preposterous

adjective
pre·pos·ter·ous | \pri-ˈpä-st(ə-)rəs \

Definition of preposterous 

: contrary to nature, reason, or common sense : absurd

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Other Words from preposterous

preposterously adverb
preposterousness noun

Examples of preposterous in a Sentence

The whole idea is preposterous! the idea that extraterrestrials built the pyramids is preposterous

Recent Examples on the Web

And then there is the fact that the fact seems preposterous. Jonathan Wilson, SI.com, "Gareth Southgate Makes Own Luck in Guiding England to World Cup Semifinals," 10 July 2018 At first blush that seems a preposterous suggestion. The Economist, "Germany is becoming more open and diverse," 14 Apr. 2018 Some of them hold the preposterous position that new sanctions could force Iran to return to the negotiating table to discuss amendments of the nuclear deal. Fred Fleitz, National Review, "Trump Should Kill the Iran Nuclear Deal, for the Dissidents and Protesters," 8 Jan. 2018 But if the speculation is correct, another preposterous development in the era of 45 will have occurred and Trump, aided by his White House lawyers, will have put one over on the supposedly independent judicial branch. Elizabeth Drew, The New Republic, "Follies," 27 Apr. 2018 Two decades ago, The Truman Show seemed preposterous. Julie Miller, HWD, "Twenty Years Later, Everything Is The Truman Show," 5 June 2018 Even more preposterous is the claim by some academics that economic liberalism in the 1980s spawned the socialism that has destroyed the country. Mary Anastasia O’grady, WSJ, "Venezuela’s Long Road to Hell," 10 June 2018 The problem with the very raising of these supposedly legal points is that the preposterous has become the discussable. Elizabeth Drew, The New Republic, "Trump’s Saturday Night Massacre Has Already Begun," 5 June 2018 Hodge’s direction employs some theatrical gestures (mostly from Summerfield and Reed), which appear all the more preposterous given those actors ages and otherwise more straightforward delivery of their lines. Jim Rutter, Philly.com, "At Hedgerow: 'The Importance of Being Earnest' (and, for this play, being youngish)," 6 May 2018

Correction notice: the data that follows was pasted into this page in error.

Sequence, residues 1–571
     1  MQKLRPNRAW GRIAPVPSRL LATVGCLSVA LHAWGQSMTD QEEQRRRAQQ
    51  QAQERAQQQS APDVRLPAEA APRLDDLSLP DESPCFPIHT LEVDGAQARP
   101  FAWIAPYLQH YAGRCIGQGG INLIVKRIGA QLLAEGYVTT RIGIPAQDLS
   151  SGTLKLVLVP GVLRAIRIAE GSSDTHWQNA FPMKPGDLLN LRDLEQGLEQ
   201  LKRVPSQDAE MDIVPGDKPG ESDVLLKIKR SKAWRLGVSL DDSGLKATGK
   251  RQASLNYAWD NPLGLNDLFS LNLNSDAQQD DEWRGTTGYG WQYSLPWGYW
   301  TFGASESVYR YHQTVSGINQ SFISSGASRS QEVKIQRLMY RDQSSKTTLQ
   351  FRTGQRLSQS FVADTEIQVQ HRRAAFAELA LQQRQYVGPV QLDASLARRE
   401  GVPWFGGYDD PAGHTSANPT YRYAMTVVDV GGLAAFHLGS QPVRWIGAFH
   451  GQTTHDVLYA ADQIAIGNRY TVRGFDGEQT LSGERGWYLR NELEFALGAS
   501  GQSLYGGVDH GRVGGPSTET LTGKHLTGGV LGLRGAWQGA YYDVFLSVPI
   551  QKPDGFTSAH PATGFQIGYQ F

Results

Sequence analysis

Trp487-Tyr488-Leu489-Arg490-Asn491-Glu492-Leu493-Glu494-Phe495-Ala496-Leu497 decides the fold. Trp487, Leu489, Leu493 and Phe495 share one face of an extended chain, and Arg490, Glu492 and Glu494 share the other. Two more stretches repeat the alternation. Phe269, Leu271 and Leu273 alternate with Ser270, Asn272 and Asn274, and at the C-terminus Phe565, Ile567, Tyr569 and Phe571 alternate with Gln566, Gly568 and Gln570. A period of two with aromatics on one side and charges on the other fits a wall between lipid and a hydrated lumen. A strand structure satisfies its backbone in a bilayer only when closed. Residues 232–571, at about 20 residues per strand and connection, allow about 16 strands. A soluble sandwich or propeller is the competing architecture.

These example sentences are selected automatically from various online news sources to reflect current usage of the word 'preposterous.' Views expressed in the examples do not represent the opinion of Merriam-Webster or its editors. Send us feedback.

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First Known Use of preposterous

1533, in the meaning defined above

History and Etymology for preposterous

Latin praeposterus, literally, in the wrong order, from prae- + posterus hinder, following — more at posterior

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Last Updated

10 Oct 2018

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Time Traveler for preposterous

The first known use of preposterous was in 1533

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More Definitions for preposterous

preposterous

adjective

English Language Learners Definition of preposterous

: very foolish or silly

preposterous

adjective
pre·pos·ter·ous | \pri-ˈpä-stə-rəs \

Kids Definition of preposterous

: making little or no sense : foolish a preposterous excuse

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evasion of direct action or statement

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